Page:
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J Oral Maxillofac Surg. 2014 Sep;72(9):1671-6. doi: 10.1016/j.joms.2014.03.031. Epub 2014 Apr 12.

Can ambient orange fragrance reduce patient anxiety during surgical removal of impacted mandibular third molars?

Author information

1
Assistant Professor, Department of Oral and Maxillofacial Surgery, Torabinejad Dental Research Center, Isfahan University of Medical Sciences School of Dentistry, Isfahan, Iran.
2
Dental Student, Dental Students Research Center, Isfahan University of Medical Sciences, School of Dentistry, Isfahan, Iran.
3
General Dentist, Private Office, Isfahan, Iran.
4
Assistant Professor, Department of Oral and Maxillofacial Surgery, Zahedan University of Medical Sciences, School of Dentistry, Zahedan, Iran.
5
Assistant Professor, Department of Oral and Maxillofacial Surgery, Torabinejad Dental Research Center, Isfahan University of Medical Sciences, School of Dentistry, Isfahan, Iran. Electronic address: haghighat@dnt.mui.ac.ir.

Abstract

PURPOSE:

To investigate whether ambient orange fragrance, compared with no fragrance, can reduce patient anxiety before and during surgical removal of an impacted mandibular third molar.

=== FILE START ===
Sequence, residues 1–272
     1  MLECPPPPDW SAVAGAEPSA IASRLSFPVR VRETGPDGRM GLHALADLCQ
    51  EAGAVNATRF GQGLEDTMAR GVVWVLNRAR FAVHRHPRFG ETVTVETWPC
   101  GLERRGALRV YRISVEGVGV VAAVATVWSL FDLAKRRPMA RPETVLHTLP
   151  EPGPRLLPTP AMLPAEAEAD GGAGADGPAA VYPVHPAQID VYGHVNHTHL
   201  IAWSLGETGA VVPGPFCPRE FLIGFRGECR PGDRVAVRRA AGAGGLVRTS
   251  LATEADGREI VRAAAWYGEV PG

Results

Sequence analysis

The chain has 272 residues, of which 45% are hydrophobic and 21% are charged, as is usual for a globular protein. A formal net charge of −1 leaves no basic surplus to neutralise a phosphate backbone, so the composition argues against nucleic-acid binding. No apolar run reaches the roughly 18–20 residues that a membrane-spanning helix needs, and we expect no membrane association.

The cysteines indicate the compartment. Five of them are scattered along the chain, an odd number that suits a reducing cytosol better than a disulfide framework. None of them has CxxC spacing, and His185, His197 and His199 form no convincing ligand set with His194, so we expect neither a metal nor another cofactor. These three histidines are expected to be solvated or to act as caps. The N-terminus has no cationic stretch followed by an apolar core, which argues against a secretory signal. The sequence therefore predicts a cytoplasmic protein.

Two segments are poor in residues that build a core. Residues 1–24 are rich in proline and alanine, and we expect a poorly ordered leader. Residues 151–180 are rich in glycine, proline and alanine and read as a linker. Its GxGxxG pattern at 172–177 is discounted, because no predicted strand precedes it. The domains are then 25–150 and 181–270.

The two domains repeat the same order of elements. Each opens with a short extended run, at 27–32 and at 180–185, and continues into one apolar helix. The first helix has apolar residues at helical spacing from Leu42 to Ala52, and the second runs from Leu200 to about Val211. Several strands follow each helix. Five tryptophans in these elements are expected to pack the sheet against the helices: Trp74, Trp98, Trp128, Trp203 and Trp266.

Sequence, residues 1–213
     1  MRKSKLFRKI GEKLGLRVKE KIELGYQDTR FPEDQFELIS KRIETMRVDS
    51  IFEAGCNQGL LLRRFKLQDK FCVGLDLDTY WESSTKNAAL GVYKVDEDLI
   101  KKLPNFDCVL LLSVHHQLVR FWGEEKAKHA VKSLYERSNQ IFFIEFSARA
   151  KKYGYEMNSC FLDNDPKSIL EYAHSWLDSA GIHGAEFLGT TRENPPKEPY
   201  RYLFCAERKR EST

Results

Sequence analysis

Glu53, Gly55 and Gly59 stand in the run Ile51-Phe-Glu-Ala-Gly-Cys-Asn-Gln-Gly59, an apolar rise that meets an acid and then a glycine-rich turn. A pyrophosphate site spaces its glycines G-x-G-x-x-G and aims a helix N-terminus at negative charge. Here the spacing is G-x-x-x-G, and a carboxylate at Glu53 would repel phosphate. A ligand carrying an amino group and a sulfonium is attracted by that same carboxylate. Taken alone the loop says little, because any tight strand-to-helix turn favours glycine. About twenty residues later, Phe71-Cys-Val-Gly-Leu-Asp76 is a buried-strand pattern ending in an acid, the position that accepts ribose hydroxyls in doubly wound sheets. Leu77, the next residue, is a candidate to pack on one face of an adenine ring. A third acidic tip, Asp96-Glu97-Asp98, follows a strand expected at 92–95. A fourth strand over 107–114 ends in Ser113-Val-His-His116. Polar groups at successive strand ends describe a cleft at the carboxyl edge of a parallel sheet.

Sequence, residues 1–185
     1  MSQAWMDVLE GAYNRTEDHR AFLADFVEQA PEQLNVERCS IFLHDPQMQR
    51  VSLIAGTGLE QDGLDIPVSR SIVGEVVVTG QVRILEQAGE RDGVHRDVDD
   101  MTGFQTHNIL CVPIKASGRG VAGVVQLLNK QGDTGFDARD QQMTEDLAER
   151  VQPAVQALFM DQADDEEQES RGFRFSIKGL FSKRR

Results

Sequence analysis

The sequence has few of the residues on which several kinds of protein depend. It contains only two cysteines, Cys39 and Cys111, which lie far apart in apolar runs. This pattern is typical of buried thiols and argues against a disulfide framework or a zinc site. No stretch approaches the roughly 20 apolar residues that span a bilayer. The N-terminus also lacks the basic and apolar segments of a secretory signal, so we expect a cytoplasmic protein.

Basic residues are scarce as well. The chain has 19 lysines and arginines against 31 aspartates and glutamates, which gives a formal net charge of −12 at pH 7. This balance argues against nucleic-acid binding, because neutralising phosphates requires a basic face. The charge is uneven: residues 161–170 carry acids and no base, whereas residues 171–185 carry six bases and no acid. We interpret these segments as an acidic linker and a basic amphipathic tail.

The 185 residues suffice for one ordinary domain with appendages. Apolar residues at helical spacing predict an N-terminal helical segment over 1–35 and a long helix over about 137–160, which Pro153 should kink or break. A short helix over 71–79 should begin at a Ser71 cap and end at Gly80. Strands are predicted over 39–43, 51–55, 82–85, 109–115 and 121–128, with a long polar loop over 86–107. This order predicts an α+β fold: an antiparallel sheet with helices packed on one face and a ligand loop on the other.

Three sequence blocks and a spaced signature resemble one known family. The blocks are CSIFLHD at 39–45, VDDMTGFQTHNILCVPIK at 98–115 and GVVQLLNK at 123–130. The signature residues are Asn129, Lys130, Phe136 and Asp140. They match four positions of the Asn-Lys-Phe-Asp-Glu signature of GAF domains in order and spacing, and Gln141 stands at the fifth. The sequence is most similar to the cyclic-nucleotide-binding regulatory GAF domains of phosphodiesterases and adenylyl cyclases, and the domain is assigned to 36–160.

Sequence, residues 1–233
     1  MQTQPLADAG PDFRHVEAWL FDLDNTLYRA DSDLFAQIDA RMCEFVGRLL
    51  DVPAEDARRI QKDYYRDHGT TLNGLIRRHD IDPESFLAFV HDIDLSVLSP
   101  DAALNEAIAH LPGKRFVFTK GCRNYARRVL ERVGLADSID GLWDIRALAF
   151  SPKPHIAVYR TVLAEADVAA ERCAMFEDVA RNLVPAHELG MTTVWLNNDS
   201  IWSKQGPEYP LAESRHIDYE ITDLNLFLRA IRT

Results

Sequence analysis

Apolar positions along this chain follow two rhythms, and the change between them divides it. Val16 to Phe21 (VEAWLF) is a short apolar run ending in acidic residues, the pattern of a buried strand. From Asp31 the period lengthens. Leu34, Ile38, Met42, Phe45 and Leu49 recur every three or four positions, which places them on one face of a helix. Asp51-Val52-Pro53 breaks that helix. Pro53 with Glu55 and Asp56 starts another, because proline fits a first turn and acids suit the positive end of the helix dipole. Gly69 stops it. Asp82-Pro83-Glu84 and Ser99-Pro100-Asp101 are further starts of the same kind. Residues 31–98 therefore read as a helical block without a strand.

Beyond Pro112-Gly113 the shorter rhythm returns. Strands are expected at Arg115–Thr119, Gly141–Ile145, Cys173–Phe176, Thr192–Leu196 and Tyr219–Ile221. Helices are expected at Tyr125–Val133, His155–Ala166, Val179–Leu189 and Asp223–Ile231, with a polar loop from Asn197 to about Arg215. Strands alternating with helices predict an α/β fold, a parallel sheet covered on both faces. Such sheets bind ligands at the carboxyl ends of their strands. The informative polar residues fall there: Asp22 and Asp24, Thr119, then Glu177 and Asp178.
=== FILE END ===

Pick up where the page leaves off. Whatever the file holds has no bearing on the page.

MATERIALS AND METHODS:

In the present randomized clinical trial, the patients who required extraction of an impacted mandibular third molar and fulfilled the predetermined criteria were included. A dental anxiety scale (DAS) questionnaire was used to determine the anxiety level of the patients before surgery. Only patients with moderate and high anxiety levels (DAS scale ≥ 9 to ≤ 14) were included. The predictor variable was fragrance exposure. The fragrance group was exposed to orange fragrance, and the control group was exposed to no fragrance. The outcome variables were physiologic measures related to anxiety, including the mean blood pressure, respiratory rate, and pulse rate. The physiologic vital changes were determined before and during the surgical procedure. The data were analyzed using the independent t test, χ(2) test, and Mann-Whitney U test (Statistical Package for Social Sciences, version 16; α = 0.05).

RESULTS:

A total of 56 patients fulfilled the inclusion criteria (fragrance group, 19 males and 9 females; no-fragrance group, 12 males and 16 females). Before entering the waiting room, the patients' vital signs were recorded twice. No significant differences were found between the 2 groups. The mean blood pressure, pulse rate, and respiratory rate were significantly lower in the fragrance group during surgery (from sitting in the dental chair to the end of surgery; P < .05).

CONCLUSIONS:

The results of our study have shown that orange fragrance is effective in reducing the anxiety related to surgical removal of an impacted mandibular third molar.

PMID:
24985959
DOI:
10.1016/j.joms.2014.03.031
[Indexed for MEDLINE]

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